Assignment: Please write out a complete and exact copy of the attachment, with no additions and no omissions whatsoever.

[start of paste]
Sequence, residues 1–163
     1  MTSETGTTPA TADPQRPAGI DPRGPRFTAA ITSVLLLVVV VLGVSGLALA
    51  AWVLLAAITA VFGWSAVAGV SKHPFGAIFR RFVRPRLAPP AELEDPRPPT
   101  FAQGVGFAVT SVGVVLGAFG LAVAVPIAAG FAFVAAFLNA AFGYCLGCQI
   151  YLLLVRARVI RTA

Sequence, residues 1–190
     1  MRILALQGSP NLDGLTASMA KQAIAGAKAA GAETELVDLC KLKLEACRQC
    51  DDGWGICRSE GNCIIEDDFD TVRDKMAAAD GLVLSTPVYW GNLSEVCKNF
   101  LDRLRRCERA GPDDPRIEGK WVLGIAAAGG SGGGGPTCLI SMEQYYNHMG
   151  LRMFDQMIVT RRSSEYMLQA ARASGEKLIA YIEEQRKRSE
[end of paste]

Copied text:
Sequence, residues 1–163
     1  MTSETGTTPA TADPQRPAGI DPRGPRFTAA ITSVLLLVVV VLGVSGLALA
    51  AWVLLAAITA VFGWSAVAGV SKHPFGAIFR RFVRPRLAPP AELEDPRPPT
   101  FAQGVGFAVT SVGVVLGAFG LAVAVPIAAG FAFVAAFLNA AFGYCLGCQI
   151  YLLLVRARVI RTA

Sequence, residues 1–190
     1  MRILALQGSP NLDGLTASMA KQAIAGAKAA GAETELVDLC KLKLEACRQC
    51  DDGWGICRSE GNCIIEDDFD TVRDKMAAAD GLVLSTPVYW GNLSEVCKNF
   101  LDRLRRCERA GPDDPRIEGK WVLGIAAAGG SGGGGPTCLI SMEQYYNHMG
   151  LRMFDQMIVT RRSSEYMLQA ARASGEKLIA YIEEQRKRSE